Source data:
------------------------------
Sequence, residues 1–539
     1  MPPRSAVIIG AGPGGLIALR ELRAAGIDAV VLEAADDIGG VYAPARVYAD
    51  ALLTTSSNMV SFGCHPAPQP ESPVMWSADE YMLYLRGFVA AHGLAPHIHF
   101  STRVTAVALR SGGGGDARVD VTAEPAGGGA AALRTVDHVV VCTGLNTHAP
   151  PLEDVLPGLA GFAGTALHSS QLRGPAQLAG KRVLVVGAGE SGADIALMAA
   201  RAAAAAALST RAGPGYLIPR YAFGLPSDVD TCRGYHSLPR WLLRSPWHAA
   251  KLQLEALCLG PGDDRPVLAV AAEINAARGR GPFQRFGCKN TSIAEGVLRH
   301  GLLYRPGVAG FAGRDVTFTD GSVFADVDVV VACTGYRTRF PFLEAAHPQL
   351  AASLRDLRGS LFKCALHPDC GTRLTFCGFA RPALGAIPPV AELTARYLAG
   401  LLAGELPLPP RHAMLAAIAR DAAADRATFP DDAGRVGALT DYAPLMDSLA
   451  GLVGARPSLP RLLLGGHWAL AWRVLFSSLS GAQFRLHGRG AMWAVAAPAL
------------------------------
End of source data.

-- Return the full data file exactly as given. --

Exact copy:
Sequence, residues 1–539
     1  MPPRSAVIIG AGPGGLIALR ELRAAGIDAV VLEAADDIGG VYAPARVYAD
    51  ALLTTSSNMV SFGCHPAPQP ESPVMWSADE YMLYLRGFVA AHGLAPHIHF
   101  STRVTAVALR SGGGGDARVD VTAEPAGGGA AALRTVDHVV VCTGLNTHAP
   151  PLEDVLPGLA GFAGTALHSS QLRGPAQLAG KRVLVVGAGE SGADIALMAA
   201  RAAAAAALST RAGPGYLIPR YAFGLPSDVD TCRGYHSLPR WLLRSPWHAA
   251  KLQLEALCLG PGDDRPVLAV AAEINAARGR GPFQRFGCKN TSIAEGVLRH
   301  GLLYRPGVAG FAGRDVTFTD GSVFADVDVV VACTGYRTRF PFLEAAHPQL
   351  AASLRDLRGS LFKCALHPDC GTRLTFCGFA RPALGAIPPV AELTARYLAG
   401  LLAGELPLPP RHAMLAAIAR DAAADRATFP DDAGRVGALT DYAPLMDSLA
   451  GLVGARPSLP RLLLGGHWAL AWRVLFSSLS GAQFRLHGRG AMWAVAAPAL